For instance, a 1979 study published in the Journal of the Royal Society of Medicine found that participants who practiced self-hypnosis (through a combination of visualization and self-talk) were able to sleep significantly longer than those who didn’t. Additionally, they took less time to fall asleep and woke up fewer times during the night. The researchers concluded that self-hypnosis helped these participants feel calm and reduce stress, which allowed them to experience longer, uninterrupted sleep.

Potential Drawbacks Of Hypnosis

Although hypnotherapy is considered to be a safe form of therapy, it might not be for everyone. First, not everybody will be able to enter the trance-like state that’s required to carry out hypnotherapy, even with the help of a qualified professional. Second, there may be other risks associated with this practice—especially when it’s performed by someone other than a trained professional. While rare, potential side effects of hypnosis may include:

  • Headaches and migraines
  • Increased anxiety
  • Drowsiness
  • Dizziness

Additionally, people who experience delusions or hallucinations, psychotic symptoms, or have schizophrenia or a substance use disorder may not be good candidates for hypnotherapy. Always consult your doctor before trying a treatment like hypnosis.

Another of the concerning potential side effects of hypnotherapy for people with certain conditions is that it may create false thoughts and memories, called confabulations. These memories can upset the individual’s understanding of reality and may cause them to lose control of what’s real and what’s not. However, this effect is unlikely when a qualified, licensed mental health professional is administering the treatment or when you practice self hypnosis responsibly under proper guidance.

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What Happens During A Hypnotherapy Session?

When you attend a hypnotherapy session for the first time, the initial step will be to impart your goals for the treatment and any issues you may want to address. For instance, you might talk about stressful past events you want to overcome, physical pain you wish to manage, or other ways that you may desire to improve your overall mental and/or physical well-being.

For the hypnotherapy itself to begin, you’ll likely be asked to sit or recline in a relaxing, comfortable place and try to focus solely on what the therapist is saying or asking. The hypnotherapist will then likely use repetitive verbal cues to guide you into a deep, meditative mental state, avoiding any form of mind control. Once you’ve entered this state, the therapist will typically walk you through some visualizations, make suggestions based on the objectives that you discussed, and describe different strategies to help you modify negative thoughts and behaviors. At the end of the session, they will guide you out of the hypnotized state and you will return to normal consciousness.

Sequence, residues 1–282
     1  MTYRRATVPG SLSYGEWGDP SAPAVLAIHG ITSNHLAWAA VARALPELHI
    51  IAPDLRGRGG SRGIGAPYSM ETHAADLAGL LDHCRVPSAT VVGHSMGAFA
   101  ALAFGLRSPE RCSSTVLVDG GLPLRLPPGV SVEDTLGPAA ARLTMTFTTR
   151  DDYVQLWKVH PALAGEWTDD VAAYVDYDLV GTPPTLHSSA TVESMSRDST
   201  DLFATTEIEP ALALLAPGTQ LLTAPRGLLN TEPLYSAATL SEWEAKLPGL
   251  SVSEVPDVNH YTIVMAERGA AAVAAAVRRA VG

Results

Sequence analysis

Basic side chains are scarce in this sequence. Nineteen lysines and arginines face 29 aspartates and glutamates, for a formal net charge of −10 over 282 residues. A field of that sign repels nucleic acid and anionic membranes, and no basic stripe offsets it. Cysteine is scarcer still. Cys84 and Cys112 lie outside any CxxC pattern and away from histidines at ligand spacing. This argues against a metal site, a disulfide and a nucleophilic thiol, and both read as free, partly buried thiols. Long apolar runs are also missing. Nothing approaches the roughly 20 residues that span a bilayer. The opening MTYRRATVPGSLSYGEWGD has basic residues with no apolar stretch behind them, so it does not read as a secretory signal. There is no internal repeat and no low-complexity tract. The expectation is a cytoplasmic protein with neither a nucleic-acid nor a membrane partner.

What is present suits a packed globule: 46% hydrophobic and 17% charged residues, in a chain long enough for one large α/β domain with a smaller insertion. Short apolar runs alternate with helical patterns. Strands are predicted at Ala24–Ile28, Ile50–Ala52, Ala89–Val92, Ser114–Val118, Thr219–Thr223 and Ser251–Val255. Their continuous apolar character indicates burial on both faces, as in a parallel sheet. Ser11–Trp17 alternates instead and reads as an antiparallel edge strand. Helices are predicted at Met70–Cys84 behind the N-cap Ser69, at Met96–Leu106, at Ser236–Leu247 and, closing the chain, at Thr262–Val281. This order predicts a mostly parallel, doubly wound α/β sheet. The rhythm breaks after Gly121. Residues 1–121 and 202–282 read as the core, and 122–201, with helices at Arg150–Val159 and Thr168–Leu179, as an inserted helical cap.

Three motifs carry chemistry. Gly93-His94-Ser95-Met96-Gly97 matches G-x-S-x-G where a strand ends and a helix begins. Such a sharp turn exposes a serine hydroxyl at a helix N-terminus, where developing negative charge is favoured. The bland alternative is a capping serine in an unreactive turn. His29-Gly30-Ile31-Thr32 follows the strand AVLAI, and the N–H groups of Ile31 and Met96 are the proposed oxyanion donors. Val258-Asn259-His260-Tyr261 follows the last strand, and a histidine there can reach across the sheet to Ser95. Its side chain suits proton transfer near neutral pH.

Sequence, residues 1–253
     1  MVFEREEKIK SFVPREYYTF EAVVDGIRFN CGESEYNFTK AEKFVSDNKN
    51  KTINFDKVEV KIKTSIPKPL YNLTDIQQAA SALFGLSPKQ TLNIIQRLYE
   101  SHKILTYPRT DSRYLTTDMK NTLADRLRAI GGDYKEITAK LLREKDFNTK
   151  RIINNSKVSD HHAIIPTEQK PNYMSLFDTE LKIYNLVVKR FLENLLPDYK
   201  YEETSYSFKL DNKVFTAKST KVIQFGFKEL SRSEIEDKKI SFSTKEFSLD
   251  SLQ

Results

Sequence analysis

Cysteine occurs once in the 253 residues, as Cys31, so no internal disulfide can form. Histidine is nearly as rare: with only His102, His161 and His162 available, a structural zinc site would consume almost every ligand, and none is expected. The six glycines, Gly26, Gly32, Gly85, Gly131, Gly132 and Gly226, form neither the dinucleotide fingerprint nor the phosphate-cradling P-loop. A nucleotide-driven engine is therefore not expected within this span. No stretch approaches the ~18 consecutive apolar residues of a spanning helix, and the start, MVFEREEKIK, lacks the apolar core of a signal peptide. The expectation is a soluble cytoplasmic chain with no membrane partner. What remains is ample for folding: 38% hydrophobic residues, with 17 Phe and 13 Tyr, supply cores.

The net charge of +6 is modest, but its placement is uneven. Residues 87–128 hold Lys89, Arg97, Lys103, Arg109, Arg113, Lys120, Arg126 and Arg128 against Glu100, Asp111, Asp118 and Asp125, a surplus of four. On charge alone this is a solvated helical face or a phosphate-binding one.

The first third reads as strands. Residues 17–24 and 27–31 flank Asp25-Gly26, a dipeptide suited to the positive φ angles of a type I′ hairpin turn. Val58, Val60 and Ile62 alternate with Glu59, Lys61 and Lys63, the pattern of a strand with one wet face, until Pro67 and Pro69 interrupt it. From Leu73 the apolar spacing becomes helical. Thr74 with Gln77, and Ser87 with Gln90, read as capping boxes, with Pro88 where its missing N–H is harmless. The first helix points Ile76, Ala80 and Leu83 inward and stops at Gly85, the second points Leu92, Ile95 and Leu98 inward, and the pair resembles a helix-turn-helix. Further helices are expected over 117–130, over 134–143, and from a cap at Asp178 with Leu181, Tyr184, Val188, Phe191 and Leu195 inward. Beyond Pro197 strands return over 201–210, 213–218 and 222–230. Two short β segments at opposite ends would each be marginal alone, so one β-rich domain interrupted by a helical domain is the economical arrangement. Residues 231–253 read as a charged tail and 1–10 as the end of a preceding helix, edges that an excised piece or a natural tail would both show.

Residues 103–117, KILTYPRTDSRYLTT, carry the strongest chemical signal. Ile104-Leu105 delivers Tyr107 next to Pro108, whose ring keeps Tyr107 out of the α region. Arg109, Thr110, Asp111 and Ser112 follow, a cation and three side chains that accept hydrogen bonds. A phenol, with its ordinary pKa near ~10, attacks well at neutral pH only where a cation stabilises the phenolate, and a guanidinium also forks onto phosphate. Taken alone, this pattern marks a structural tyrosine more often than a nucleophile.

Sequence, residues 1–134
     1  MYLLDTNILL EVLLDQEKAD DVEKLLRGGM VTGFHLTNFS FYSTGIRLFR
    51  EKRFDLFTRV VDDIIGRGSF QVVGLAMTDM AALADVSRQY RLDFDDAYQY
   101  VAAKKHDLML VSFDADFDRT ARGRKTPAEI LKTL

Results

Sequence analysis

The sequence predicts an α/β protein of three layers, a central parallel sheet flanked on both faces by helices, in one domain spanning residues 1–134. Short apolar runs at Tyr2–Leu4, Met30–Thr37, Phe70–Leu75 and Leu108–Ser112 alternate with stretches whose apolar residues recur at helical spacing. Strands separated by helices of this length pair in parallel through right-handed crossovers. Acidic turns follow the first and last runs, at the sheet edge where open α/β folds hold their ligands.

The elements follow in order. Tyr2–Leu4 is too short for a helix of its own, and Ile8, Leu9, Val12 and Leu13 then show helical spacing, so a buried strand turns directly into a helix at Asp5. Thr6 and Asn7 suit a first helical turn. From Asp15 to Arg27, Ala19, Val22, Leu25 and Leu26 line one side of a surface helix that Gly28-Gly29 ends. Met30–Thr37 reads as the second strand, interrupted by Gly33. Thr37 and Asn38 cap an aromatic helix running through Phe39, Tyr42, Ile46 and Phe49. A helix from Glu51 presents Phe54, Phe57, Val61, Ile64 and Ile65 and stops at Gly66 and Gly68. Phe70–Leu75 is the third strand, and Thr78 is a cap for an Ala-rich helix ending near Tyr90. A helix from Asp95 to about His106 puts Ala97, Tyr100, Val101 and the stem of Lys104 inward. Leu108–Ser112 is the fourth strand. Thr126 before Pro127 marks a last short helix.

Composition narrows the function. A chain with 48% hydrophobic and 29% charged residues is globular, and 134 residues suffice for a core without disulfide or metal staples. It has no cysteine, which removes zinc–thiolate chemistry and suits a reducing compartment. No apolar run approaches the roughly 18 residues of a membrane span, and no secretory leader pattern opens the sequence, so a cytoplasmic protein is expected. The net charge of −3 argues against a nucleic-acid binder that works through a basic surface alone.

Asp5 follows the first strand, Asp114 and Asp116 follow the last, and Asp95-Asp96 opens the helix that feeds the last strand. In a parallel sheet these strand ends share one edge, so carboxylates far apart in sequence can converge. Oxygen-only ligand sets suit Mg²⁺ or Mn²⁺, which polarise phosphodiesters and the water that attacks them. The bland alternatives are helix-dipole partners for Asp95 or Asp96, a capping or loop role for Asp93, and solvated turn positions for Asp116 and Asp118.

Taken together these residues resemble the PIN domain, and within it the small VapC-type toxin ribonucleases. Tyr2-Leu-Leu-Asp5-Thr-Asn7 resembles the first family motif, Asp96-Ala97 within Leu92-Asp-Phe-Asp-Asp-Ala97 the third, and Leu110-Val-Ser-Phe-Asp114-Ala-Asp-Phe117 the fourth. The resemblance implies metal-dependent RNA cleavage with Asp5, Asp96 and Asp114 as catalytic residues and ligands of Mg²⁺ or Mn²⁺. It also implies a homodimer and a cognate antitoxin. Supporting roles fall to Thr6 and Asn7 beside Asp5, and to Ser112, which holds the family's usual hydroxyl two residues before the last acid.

Other Forms Of Therapy For Exploring Thoughts And Feelings

If you are interested in learning more about hypnotherapy, locating a licensed provider in your area who has expertise in this field is likely a logical next step. If you’re interested in other ways to explore deep thoughts and feelings with the help of a mental health professional, there are other forms of therapy you might try. Cognitive behavioral therapy (CBT), for instance, is considered to be “the gold standard” of psychotherapy and has been shown to be effective in treating a range of conditions from depression to post-traumatic stress disorder (PTSD). If you’re unsure about which type of therapy might be best for you, meeting with a therapist for an evaluation may give you more insight.

While therapy was traditionally only practiced in in-person settings, the internet has made new formats possible. Online therapy is now a viable option for those who have trouble locating a provider in their area, who can’t commute to an office for sessions, or who simply feel more comfortable receiving treatment from their own home. Research suggests that online and in-person therapy can offer similar benefits for a variety of conditions and situations, so it’s generally up to the individual to choose what works best for them. If you’re interested in trying virtual therapy, a platform like BetterHelp can match you with a licensed provider with whomyou can meet via phone, video call, and/or online chat to address the challenges you may be facing.


The efficacy of experimental hypnosis remains largely up for debate, but some evidence suggests that it could be a helpful supplement to certain types of evidence-based psychotherapy. If you're interested in this or another form of therapy, speaking with a qualified mental health provider about your options may be a helpful next step. It's essential to remain aware of the potential risks and benefits when exploring alternative treatments like hypnotherapy.